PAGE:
Fall preview'18: New coach and look

By Neil H. Devlin, Mullen Sports Information Director
Alan Colglazier now in command of Mustangs.
(Second in a series of fall previews for the 2018 season.)
“Ask me in 20 years.”
So said new Mullen softball coach Alan Colglazier when asked to assess his team’s chances for the fall season.
A man who excelled both as a player and coach not only nationally, but also on the world level, certainly wants to win with the Mustangs. However, he’s bigger on character and wants his group to act accordingly.
“No. 1,” he said, “I like the enthusiasm. “I like the work ethic and I like the attitude. They’ve been very open and receptive to what we are trying to do.”
He pointed to the Norman Dale character in the classic “Hoosiers,” saying “we need to understand who we are and what we can be. We’re going to focus 80 percent of practice time on throwing and catching the ball. When it’s in play, we have to make the play.”
Mullen was 16-9 a year ago and 4-3 in the Class 5A Centennial League. The Mustangs advanced to the 4A semifinals at the Aurora Sports Park before falling 7-4 to eventual champion Mountain View of Loveland.
Six seniors are gone from last year’s roster, but enough returning experience and incoming freshmen talent appear in place for another run. The Mustangs have won three  4A championships – 1996, 1999 and 2001.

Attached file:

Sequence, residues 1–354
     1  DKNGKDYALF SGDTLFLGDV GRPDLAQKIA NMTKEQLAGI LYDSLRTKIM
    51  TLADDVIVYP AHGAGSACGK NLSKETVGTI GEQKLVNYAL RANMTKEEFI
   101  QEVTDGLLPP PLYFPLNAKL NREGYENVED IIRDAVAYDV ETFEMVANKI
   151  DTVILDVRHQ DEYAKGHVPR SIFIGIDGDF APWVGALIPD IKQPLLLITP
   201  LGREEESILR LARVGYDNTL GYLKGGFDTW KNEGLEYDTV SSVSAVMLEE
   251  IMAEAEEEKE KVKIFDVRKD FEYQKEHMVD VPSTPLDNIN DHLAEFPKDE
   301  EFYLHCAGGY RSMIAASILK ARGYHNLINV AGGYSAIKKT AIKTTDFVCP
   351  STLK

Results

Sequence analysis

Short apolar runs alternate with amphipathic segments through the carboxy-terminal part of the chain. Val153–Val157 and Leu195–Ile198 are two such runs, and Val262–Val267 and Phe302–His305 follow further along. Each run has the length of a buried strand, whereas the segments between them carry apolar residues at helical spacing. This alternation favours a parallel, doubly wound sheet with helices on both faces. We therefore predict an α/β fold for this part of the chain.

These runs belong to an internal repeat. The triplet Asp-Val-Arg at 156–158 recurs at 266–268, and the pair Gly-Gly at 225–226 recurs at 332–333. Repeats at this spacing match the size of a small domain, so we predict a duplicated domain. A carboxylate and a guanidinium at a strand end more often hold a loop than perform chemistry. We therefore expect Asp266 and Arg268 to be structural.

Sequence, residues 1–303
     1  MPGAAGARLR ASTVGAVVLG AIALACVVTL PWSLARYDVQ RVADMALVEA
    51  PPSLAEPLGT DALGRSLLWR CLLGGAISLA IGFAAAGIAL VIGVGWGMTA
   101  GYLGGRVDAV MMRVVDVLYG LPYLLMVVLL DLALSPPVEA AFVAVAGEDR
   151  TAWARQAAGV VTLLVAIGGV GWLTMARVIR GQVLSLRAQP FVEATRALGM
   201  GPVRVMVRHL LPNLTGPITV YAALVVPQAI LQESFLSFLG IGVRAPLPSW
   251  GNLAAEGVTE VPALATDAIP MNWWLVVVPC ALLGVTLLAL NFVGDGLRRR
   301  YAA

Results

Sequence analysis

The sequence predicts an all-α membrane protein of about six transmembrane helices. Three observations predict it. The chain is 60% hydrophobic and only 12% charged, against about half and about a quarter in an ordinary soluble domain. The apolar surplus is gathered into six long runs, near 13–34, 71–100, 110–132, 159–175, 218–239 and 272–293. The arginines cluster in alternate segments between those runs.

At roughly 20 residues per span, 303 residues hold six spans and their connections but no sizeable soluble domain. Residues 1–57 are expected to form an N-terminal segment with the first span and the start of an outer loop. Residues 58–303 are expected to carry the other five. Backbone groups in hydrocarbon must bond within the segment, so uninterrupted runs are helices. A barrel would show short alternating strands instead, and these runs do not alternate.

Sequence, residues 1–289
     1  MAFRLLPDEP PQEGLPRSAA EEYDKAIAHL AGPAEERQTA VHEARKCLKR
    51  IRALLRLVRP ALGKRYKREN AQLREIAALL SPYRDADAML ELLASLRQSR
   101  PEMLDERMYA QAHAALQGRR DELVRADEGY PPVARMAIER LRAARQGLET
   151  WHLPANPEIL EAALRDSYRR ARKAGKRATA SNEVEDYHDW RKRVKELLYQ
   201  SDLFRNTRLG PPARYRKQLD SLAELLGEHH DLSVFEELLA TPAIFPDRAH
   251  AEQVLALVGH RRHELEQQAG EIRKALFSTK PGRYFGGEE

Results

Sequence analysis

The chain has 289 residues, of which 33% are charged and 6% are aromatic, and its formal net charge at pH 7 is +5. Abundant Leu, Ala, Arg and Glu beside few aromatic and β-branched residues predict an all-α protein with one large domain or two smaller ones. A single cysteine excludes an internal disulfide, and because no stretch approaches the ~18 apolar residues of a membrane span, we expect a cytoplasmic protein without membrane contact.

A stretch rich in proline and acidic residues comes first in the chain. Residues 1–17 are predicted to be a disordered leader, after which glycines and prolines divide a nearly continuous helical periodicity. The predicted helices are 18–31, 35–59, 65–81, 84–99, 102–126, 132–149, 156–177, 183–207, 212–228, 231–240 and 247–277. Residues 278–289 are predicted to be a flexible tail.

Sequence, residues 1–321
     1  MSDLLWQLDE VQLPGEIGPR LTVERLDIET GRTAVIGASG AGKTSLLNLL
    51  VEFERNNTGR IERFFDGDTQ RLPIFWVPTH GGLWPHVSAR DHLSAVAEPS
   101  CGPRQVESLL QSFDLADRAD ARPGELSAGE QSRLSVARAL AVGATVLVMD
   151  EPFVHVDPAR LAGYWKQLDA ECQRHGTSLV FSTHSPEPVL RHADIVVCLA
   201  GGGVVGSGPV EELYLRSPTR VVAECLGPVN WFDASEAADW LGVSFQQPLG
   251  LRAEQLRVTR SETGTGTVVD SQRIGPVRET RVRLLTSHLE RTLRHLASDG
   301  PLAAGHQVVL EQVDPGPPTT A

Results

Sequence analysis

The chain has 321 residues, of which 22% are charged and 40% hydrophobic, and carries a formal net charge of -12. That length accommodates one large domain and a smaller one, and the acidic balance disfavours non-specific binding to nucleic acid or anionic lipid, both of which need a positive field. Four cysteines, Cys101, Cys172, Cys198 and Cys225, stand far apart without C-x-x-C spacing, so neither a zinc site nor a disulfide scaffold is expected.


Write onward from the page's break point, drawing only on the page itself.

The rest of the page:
Junior workhorse pitcher Marissa Sanchez returns and also caught the eye of Colglazier through her summer ball. And the likes of Bella Hawkins, Emma DiGiacomo, Avery Panozzo, Tiffanie Brieno and Alexis Duran should comprise most of the every-day lineup and batting order.
These Mustangs figure to be interchangeable.
“I like girls competing for positions,” Colglazier said.
Overall, Colglazier added, considering he’s coming in fresh but also well aware of what Mullen was and still can be, he said he has been “pleased initially. We’re doing a lot of things differently throwing and catching. And we’re combining conditioning with mechanics.”
Pitching and defense remain large keys as “we have to make the routine play and then once in a while make the outstanding play.”
With high-end playing experience as well as several coaching stops on the prep, college, national and international levels, Colglazier, who also operates a pitching academy, is confident the Mustangs will compete against a demanding schedule. The opener is Aug. 14 at Holy Family in Broomfield, followed by 5A nonleaguers back-to-back at home versus Chatfield (Aug. 22) and Regis Jesuit (Aug. 23), then another 5A toughie on Aug. 28 at Columbine.
“We’re going to see who we are right off the bat,” Colglazier said.
Next will be two challenging tournaments, at Erie Aug. 20-Sept. 1, and at Bixby, Okla., Sept. 6-8. The Centennial League opener will be Sept. 20 at Cherry Creek.
With an increase of regular-season games from 19-to-23, softball’s regular season begins on Thursday, Aug. 9, and will run through Oct. 6. Regionals are to be completed by Oct. 13. The state tournament will be Oct. 19-20.
Any legitimate edge, Colglazier said, is worth exploring, beginning with the basics.
“We have to be more structured and do what other teams aren’t willing to do,” he said.